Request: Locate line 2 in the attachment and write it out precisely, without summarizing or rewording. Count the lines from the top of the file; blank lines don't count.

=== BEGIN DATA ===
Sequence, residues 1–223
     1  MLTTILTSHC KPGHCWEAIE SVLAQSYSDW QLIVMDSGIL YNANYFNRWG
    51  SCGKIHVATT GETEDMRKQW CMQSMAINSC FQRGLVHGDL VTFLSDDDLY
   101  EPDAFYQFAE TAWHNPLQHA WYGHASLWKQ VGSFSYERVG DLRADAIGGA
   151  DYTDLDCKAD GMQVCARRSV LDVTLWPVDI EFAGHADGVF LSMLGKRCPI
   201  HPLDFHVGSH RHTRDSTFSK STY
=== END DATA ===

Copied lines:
     1  MLTTILTSHC KPGHCWEAIE SVLAQSYSDW QLIVMDSGIL YNANYFNRWG